Vale Victor Emeljanow

Emeritus Professor of Drama

The University of Newcastle is deeply saddened by the passing of Victor Emeljanow, Emeritus Professor of Drama. Victor was a founding academic and an ‘elder’ of the discipline of Drama in Australian universities, a highly respected researcher and theatre director, and a generous teacher to several generations of theatre practitioners and scholars working both in Australia and internationally.

After completing his PhD in Classics at Stanford University in California (supported by a Fulbright Scholarship), Victor’s career as a Drama academic commenced in 1965 when he was appointed to Australia’s first-ever Department of Drama at UNSW. During his tenure there (1965-1986) he held positions as the artistic director of the Bondi Pavilion Theatre (1974-78) and theatre critic for the National Times (1979-80), while also commencing an international career in academic publishing, which signalled his intention from the very beginning of his career to integrate professional theatre practice with scholarship in the developing field of drama and theatre studies, and to build links between the academy and the professional theatre. This was no easy task at the time and in retrospect Victor was an unheralded pioneer in the area of practice-led research, which was not recognised within the academy till many years later.

He continued to mix artistic practice and scholarship after his appointment to the Chair of Drama at the University of Newcastle in 1986: he served as the vice-president of the Producers and Directors Guild of Australia (1987-95), worked consistently as a theatre director within the University, for the Hunter Valley Theatre Company, and for numerous others, winning  four City of Newcastle (CONDA) Awards for Professional Excellence in theatre direction, introduced his students to theatre professionals via working relationships in many of these productions, and served in an advisory capacity to a number of local theatre companies, occasionally as a Board member. At the same time he maintained an international scholarly reputation, particularly as an expert in 19th century British melodrama, and late 19th century European modernist theatre, and through award-winning research, with Professor Jim Davis, on 19th century theatre audiences.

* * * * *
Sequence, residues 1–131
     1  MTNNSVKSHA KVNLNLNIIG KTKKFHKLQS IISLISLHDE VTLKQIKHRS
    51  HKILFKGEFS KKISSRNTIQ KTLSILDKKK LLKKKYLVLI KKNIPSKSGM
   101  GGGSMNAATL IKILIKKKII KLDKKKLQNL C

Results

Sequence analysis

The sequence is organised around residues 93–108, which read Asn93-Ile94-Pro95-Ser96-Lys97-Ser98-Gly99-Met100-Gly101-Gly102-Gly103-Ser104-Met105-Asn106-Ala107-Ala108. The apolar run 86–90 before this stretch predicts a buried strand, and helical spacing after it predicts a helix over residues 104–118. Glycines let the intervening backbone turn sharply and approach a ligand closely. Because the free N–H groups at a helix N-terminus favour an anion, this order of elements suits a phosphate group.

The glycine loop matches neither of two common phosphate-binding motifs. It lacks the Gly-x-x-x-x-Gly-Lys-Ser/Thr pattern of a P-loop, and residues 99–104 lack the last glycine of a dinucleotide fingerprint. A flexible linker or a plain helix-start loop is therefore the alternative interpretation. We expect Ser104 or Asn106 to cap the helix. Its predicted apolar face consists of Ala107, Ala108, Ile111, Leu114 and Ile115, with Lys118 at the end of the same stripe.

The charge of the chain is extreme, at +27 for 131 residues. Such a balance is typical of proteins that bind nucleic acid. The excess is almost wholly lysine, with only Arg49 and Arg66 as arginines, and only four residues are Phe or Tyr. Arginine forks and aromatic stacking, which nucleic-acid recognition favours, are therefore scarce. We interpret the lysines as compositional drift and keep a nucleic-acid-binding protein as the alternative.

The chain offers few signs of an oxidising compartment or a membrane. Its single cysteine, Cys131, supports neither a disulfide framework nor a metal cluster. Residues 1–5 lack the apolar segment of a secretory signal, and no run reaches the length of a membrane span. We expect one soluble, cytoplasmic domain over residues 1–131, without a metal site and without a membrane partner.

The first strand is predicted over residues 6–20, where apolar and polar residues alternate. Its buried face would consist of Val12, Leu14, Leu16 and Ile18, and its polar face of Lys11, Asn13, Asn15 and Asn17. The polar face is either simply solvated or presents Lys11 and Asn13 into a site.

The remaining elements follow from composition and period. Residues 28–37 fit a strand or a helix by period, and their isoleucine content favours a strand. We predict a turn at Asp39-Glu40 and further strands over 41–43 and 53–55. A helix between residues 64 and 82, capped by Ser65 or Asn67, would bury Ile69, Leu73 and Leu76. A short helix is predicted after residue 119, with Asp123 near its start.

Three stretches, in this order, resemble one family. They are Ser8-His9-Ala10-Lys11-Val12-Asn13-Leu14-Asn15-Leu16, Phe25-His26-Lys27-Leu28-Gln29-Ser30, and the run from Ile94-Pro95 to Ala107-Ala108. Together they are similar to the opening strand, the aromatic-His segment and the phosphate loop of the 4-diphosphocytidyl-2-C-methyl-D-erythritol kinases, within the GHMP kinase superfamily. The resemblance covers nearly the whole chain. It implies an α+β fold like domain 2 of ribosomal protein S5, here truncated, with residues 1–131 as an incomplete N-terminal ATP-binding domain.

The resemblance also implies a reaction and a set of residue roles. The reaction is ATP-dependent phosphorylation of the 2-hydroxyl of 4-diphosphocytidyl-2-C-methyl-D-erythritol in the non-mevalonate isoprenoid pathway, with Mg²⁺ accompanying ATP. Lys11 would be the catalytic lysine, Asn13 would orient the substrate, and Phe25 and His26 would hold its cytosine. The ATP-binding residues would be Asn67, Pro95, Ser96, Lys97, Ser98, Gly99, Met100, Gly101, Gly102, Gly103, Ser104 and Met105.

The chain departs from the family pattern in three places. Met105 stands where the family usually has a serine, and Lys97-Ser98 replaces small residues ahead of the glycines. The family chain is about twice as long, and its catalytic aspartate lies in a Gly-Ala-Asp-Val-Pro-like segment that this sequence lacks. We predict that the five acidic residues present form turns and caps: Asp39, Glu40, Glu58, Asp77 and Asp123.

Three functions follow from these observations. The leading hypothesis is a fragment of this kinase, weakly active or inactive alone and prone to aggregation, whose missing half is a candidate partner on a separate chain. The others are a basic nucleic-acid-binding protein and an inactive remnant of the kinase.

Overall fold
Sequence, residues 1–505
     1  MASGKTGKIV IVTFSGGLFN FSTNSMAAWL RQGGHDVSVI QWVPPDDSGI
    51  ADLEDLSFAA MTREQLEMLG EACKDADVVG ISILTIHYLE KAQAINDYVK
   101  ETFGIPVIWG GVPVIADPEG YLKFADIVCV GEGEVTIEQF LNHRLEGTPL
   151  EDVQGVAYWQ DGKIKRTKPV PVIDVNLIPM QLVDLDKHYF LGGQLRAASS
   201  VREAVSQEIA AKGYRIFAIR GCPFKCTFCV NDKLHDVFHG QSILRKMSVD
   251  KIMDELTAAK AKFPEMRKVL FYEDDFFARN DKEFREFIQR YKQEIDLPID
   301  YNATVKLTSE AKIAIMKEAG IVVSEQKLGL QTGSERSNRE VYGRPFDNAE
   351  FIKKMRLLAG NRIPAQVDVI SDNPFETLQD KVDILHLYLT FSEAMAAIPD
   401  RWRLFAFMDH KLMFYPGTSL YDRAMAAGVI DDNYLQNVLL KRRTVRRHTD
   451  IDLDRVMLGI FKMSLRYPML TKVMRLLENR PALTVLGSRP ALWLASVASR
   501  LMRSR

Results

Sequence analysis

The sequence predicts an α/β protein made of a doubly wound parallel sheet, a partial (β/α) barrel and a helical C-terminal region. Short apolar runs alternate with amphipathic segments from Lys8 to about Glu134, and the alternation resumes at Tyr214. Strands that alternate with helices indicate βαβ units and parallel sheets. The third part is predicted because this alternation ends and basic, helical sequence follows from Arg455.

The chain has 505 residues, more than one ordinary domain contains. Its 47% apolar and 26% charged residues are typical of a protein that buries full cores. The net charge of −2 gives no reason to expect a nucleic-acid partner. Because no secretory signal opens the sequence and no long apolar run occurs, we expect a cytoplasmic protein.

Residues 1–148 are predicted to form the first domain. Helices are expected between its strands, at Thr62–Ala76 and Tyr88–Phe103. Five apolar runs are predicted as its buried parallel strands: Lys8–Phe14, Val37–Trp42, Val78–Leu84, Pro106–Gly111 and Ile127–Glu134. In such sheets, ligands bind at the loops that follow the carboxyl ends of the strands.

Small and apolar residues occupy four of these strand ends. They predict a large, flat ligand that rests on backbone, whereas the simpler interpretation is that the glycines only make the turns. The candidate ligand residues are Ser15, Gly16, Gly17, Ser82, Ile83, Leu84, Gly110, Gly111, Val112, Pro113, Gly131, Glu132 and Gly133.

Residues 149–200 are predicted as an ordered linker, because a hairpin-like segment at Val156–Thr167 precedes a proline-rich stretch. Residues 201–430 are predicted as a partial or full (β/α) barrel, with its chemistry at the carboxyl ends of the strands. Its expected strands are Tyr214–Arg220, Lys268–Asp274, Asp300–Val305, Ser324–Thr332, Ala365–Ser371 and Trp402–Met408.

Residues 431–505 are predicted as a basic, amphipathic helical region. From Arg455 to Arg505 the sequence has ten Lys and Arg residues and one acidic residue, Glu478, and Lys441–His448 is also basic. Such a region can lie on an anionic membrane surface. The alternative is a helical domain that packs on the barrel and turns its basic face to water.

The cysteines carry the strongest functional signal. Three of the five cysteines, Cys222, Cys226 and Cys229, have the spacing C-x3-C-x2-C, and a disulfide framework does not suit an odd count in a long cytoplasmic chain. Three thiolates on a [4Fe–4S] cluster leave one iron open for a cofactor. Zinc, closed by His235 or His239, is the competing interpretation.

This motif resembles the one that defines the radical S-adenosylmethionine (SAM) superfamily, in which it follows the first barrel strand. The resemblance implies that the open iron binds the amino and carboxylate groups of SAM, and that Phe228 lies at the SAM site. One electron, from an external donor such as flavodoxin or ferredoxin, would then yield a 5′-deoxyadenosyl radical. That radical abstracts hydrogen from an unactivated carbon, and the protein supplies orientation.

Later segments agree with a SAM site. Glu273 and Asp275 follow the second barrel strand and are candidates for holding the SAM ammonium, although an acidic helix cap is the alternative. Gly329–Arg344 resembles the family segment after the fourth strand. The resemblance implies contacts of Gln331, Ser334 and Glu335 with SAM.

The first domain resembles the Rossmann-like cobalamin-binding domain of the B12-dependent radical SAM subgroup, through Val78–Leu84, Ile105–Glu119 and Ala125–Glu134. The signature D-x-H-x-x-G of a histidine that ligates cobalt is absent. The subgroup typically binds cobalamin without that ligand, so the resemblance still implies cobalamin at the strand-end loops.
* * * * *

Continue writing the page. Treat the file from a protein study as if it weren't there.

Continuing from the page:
Victor’s enjoyment of collaborative work, evident in his theatrical practice, and enthusiasm for encouraging the work of others, were both manifest in his close involvement with international research groups through organisations like the American Society for Theatre Research and the International Federation for Theatre Research (whose working group on popular entertainments he established and convened from 2006 to 2015). These ventures led to edited publications, which were important in establishing the international reputation of the e-journal Popular Entertainment Studies of which he was founder and general editor. Victor’s internationalist perspective was also evident in his constant encouragement of junior colleagues to involve themselves with international communities of scholars, and some of us owe the connections we made to this encouragement and active support.

While maintaining this internationalist perspective, Victor was committed to a notion of collegiality which made him an energetic member of his university community: he combined his leadership of the Department of Drama for almost all of its life with serving on a wide range of major University committees, as well as serving as Dean of the Faculty of Arts from 1987 to 1990; and he contributed to numerous external program reviews at other tertiary institutions. He was, though, most fully engaged as a teacher, postgraduate supervisor and mentor, held in high esteem for his wisdom, knowledge, professionalism and generosity by the several generations of graduates, scholars and theatre and performance-makers whom he taught or supervised at UON and UNSW.

Victor led a very full, rich and busy life, right up to his final years of failing health, when most would be happy to rest on their laurels in quiet retirement. Victor loved his life and work, and all of us who shared some of it are the better for it, and greatly saddened that he has left us. His funeral is scheduled for 11 am on Wednesday 18th April, in the North Chapel, Newcastle Memorial Park, Anderson Drive, Beresfield.